Trae Young ended his brief college career chucking ill-advised 25-footers as Oklahoma crashed out of the NCAA tournament in the opening round. He looked like a lot of talented 19-year-olds do, which is to say overwhelmed by the situation, trying to meliorate his fear by playing like he’d just watched Scarface and chugged an entire pot of coffee. Given the standard of coaching in college ball, it’s possible Lon Kruger couldn’t conceive of a better comeback strategy, but it wasn’t pretty watching Young do his Water-Damaged Steph Curry act as the deficit deepened and it became easier by the second to imagine him in a Magic or a Knicks uniform.
The lottery prospects who go to non-powerhouse schools—Young at Oklahoma, Markelle Fultz at Washington, Ben Simmons at LSU—cut isolated figures. They don’t have the talent around them that Duke and Kentucky recruits do, and they have every opponent’s full attention. They frequently develop bad habits, either doing too much themselves because that’s the only way their team is going to win or becoming sort of depressed, games passing like movies they’re not in so much as half-watching hungoverly from the couch. They drop out of school in the spring, like they’ve travelled upwards through miles of seawater to finally breathe air again.
This is, in certain ways, solid preparation for playing your rookie season on a team that isn’t going to be any good. Even with the addition of Trae Young, the Atlanta Hawks might have the NBA’s worst roster. They’re entering year two of a rebuild that won’t exit its teardown phase for at least another season or two. Young arrives as the squad’s starting point guard, because the Hawks dumped their previous starting point guard for a lottery-protected first round pick and the right to buy out Carmelo Anthony’s contract. He’ll be playing alongside Kent Bazemore, Taurean Prince, and a collection of cast-offs and young dudes.
It’s a bit of mystery why Atlanta isn’t a popular market for free agents, but it’s not, and given that fact, the multi-year tank job they’re pulling is sensible. Long-term, anyway. What coldly mathematical assessments of Process-like rebuilds gloss over is a group of players traipsing through a thunderstorm in their underwear for 82 games, outmanned nearly every night, playing at home in an empty building, sadly boosted by straw-clutching local media and more or less ignored by everyone else.
Young’s experience at Oklahoma wasn’t exactly like this—the Sooners were fourth in the AP rankings in January—but the second half of his season was doomy and unpleasant. He began to wear down and the rest of his team failed to pick him up, and as Oklahoma continued to stumble—lost to Iowa State and Texas, got run off the floor by Kansas, got bounced from the Big 12 Tournament early–Young became more NBA prospect than college athlete. You could argue that the same was true for Marvin Bagley, who made it as far as the Elite Eight, but he at least had played meaningful games right up until the end and had a real hope of winning a national championship. He was firmly grounded in the moment—and then Duke got knocked out and he went about preparing for the NBA Draft, as he was always going to do.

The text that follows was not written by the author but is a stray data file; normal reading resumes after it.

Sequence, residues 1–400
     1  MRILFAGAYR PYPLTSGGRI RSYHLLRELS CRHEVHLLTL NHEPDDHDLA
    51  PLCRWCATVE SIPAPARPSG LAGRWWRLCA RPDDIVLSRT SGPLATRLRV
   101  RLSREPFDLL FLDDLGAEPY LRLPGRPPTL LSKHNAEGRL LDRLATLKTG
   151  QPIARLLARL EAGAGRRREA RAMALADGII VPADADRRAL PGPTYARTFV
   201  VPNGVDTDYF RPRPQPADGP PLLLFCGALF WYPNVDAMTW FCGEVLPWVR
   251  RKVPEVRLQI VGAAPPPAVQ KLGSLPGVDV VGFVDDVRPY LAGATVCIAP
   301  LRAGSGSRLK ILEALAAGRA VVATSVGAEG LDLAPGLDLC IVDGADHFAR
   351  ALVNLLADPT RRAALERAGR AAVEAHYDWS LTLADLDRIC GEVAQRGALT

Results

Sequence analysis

Young is already in possession of immense gifts: limitless range, a sharp handle, and (probably) better vision than he was able to show off at Oklahoma. These won’t be wasted in Atlanta next season, because he could stand to take a year just to adjust to the speed of the pro game, find out what does and doesn’t work at a highest level of competition, but there is limited utility in failing, which Young is being set up to do with great regularity. There’s an adjustment period, and then there’s slamming your head against a wall. Ask Kyrie Irving. Ask Victor Oladipo. Ask Tyreke Evans.
We don’t treat young players like they’re totally real. We understand what they can do now—once the initial thrill of wow, this guy is good wears off—as an indication of what they might be able to do several years down the line. This is fine as far as it goes. No harm in daydreaming, especially when a player is stuck on a lousy team. But we assume, maybe because we don’t follow these players’ gestation processes closely—because who the hell wants to watch the Hawks this upcoming season?—that the progress is linear and inevitable and we’ll see more of them when they’re ready, when Hawks-Celtics is actually an enticing matchup. Perhaps that will be the case with Trae Young. He’ll fight through this season, improve through the next, and in the meantime, his front office will help him out with some smart drafting and trade market wizardry. By 2021, he’ll make the All-Star team and the Hawks will make the playoffs.
That’s the plan, but then that’s the generic league-wide plan: have everything work out. It’s far from guaranteed. What’s assured is that Trae Young’s Hawks are going to have a rough season, something that’s survived rather than enjoyed, the overall scheme perhaps mechanically sound but somewhat misery-bleared in the midst of a nine-game losing streak. That’s the immediate thing, and Young’s ability to handle it, day by day, will determine where he’s at three or four years from now. It’s not a mysterious process, but it can sometimes seem that way, looking as far into the distance as we have a habit of doing. Young will know it, even if nobody else does, the fine grain of the ugliness he’s about to trudge through—get covered in—to get where he’s going.
More 2018 Futures: Kevin Love, Manu Ginobili, Marcus Smart, John Wall, Devin Booker, Paul George, Blake Griffin, Trae Young, Kenneth Faried, Joakim Noah, Mike Conley, Ben McLemore, Kawhi Leonard, Aaron Gordon, Danilo Gallinari, Wayne Ellington, Frank Kaminsky, Donovan Mitchell, Chris Paul, Jrue Holiday, Paul Millsap, Kris Dunn, Jimmy Butler, Joel Embiid, Victor Oladipo, Kevin Durant, C.J. McCollum, LeBron James, Giannis Antetokounmpo, Luka Doncic